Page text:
Meanwhile, JAIC’s relationship with industry has continued to improve over the past two years, Mulchandani said.
When it was first stood up, much attention was put on what some perceived to be a reluctance from Silicon Valley to work with the Pentagon.
“A lot of people ask us [about] the whole thing with Google and Project Maven and whether that’s still” a strained relationship, he said, referring to a 2018 incident where thousands of Google employees signed a letter objecting to the company’s work with the Defense Department’s Project Maven, a pathfinder AI effort to better analyze drone footage. Google subsequently backed out of the program.
However, JAIC collaborates closely with the tech giant now, he said.
“We’re working with Google on a number of projects directly ... whether it be health or other types … of products there,” he said. “We have contracts with Google that we’re working on, but all the other bigger vendors as well.”
Mulchandani said JAIC is working with all of the largest technology companies in Silicon Valley.
“Name an AI vendor and we either have work going on with them, or they’re involved in some way in some of the newer projects that we’re doing,” he said.
As the organization continues to work with industry, it is setting up initiatives to better take advantage of rapid acquisition, Mulchandani said.
It currently has partnerships with a number of contracting vehicle organizations such as the General Services Administration, the Defense Innovation Unit and the Defense Information Systems Agency. Additionally, legislation is currently in front of Congress that could grant JAIC direct acquisition authority.
“We obviously are very excited about that, [but] it’s not done yet,” he said. “When the final vote happens and we do get it, we’ll be very pleased and happy, and if we don’t get it, well, we’ll still be obviously continuing business with the partners that we have.”
The center is also working on an acquisition effort called Project Tradewind which is a way for JAIC and the Defense Department writ large to better reach out to small companies, he said.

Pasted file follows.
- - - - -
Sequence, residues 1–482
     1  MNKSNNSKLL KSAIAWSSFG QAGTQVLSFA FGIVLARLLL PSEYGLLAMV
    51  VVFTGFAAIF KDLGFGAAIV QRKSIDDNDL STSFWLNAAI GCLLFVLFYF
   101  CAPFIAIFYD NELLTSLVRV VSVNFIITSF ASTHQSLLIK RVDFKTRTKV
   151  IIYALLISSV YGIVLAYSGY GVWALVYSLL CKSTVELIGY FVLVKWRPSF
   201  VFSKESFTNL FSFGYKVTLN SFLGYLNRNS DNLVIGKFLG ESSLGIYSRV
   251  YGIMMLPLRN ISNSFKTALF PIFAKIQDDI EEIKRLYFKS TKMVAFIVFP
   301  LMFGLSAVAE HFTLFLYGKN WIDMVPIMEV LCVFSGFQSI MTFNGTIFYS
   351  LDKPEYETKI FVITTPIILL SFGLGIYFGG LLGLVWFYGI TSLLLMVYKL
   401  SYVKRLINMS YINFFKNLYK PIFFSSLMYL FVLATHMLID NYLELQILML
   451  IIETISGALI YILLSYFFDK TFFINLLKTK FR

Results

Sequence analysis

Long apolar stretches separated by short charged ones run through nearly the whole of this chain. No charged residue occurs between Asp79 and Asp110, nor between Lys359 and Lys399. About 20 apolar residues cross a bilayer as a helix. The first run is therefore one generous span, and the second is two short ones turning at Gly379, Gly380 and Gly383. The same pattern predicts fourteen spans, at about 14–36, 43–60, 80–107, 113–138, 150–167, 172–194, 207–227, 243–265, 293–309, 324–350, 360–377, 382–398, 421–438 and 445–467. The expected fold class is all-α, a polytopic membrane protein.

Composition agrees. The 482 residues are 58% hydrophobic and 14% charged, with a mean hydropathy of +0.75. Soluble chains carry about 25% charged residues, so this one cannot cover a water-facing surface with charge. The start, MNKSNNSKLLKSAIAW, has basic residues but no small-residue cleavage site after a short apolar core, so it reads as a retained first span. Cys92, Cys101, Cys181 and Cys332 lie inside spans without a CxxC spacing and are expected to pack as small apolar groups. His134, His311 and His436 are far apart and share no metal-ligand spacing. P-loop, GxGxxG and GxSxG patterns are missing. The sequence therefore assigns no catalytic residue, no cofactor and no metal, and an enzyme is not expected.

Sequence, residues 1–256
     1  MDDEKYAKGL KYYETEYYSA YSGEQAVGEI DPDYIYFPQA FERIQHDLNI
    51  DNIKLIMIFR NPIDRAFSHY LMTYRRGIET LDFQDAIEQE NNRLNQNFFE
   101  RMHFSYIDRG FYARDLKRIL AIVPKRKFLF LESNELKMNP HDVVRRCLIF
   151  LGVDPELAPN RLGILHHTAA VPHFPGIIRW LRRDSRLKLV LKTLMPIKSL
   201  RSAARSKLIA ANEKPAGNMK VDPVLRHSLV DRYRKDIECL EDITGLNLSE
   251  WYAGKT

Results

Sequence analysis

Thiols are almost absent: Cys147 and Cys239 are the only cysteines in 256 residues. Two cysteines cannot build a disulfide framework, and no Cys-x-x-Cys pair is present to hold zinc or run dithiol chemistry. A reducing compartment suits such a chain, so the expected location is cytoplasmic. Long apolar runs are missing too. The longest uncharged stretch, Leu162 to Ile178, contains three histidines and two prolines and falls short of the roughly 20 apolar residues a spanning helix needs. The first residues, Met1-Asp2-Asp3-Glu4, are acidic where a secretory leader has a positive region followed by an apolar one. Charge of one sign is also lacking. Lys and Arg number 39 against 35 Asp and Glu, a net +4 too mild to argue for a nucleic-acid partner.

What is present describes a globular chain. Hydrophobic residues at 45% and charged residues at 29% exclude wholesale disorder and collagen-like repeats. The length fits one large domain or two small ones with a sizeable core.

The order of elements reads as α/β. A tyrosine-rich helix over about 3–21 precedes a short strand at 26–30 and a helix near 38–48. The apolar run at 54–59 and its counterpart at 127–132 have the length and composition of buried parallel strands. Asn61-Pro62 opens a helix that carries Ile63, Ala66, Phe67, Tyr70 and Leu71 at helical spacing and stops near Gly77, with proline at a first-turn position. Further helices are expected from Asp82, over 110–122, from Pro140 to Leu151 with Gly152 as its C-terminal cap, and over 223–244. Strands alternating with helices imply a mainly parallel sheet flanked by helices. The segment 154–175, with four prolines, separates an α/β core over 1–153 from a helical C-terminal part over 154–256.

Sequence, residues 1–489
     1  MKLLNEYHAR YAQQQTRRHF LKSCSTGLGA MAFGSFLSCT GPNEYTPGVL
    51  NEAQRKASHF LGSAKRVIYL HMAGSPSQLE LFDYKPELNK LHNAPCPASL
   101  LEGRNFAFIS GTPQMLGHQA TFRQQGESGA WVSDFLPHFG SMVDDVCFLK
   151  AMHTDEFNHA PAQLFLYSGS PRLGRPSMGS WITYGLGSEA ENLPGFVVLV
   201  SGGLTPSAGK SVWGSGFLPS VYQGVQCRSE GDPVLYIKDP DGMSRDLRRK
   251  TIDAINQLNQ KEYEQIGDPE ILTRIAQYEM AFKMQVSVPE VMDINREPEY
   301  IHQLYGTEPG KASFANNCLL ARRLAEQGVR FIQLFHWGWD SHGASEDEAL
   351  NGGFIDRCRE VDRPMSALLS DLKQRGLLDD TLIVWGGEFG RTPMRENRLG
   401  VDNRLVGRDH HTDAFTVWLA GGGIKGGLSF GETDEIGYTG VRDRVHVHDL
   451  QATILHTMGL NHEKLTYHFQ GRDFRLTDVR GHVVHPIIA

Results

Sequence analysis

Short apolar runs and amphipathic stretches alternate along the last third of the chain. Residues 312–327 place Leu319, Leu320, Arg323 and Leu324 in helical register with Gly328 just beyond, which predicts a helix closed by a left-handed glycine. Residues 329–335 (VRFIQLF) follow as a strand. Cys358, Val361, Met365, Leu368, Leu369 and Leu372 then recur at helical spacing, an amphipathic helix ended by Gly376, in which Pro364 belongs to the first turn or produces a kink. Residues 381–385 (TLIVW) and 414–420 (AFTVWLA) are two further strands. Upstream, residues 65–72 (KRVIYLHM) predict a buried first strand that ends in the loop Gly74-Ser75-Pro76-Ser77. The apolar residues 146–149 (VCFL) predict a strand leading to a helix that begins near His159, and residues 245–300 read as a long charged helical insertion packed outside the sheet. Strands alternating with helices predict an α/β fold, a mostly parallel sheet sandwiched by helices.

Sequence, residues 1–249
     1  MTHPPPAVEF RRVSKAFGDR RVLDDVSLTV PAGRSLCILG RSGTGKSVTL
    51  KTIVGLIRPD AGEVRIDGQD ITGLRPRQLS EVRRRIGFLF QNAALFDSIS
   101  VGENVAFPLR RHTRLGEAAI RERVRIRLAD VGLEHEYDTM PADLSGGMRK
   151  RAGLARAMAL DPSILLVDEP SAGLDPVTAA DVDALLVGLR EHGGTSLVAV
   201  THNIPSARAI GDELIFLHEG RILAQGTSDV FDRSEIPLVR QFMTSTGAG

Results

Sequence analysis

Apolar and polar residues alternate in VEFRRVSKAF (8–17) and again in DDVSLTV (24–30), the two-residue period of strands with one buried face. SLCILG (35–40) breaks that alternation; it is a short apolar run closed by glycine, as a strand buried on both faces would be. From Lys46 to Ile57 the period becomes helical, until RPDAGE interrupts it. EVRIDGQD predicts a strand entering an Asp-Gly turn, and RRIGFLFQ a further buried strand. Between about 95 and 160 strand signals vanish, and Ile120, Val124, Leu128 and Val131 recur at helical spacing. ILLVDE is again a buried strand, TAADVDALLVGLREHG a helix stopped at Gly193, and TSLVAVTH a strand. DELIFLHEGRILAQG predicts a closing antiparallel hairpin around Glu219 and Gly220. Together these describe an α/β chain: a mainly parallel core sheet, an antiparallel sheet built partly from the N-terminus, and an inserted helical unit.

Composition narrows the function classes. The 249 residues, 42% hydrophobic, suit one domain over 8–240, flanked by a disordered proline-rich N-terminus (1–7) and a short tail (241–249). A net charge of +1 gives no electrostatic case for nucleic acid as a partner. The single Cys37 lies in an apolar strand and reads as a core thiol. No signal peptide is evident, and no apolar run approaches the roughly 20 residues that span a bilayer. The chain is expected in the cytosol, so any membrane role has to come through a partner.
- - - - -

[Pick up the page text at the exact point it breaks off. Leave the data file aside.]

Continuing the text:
Contract vehicles will be created that any organization across the department will be able to use to gain access to “teensy weensy, little companies that normally would hate to work with — or wouldn’t know how to work with — the DoD,” Mulchandani said. “They can use Project Tradewind’s acquisition frameworks to be able to interact with us in a very low overhead way.”
During remarks at the Defense Department’s Artificial Intelligence Symposium and Exposition, Secretary of Defense Mark Esper touted the work JAIC has done since its inception.
“We have come a long way since establishing the JAIC two years ago,” he said. “Today, more than 200 talented civil service and military professionals work diligently to accelerate AI solutions and deliver these capabilities to the warfighter. From helping the Joint Force organize, fight and win at machine speed, to enhancing wildfire and flood responses through computer vision technology, the JAIC is utilizing every aspect of AI as a transformative instrument at home and abroad.”
The center is lowering technical barriers to AI adoption by building a cloud-based platform to allow Defense Department components to test, validate and field capabilities with greater speed and at greater scale, he said.
“The goal is to make AI tools and data accessible across the force, which will help synchronize projects and reduce redundancy, among many other benefits,” he said.
JAIC is also working on ways to better train the Defense Department’s acquisition workforce to buy AI products, Esper noted.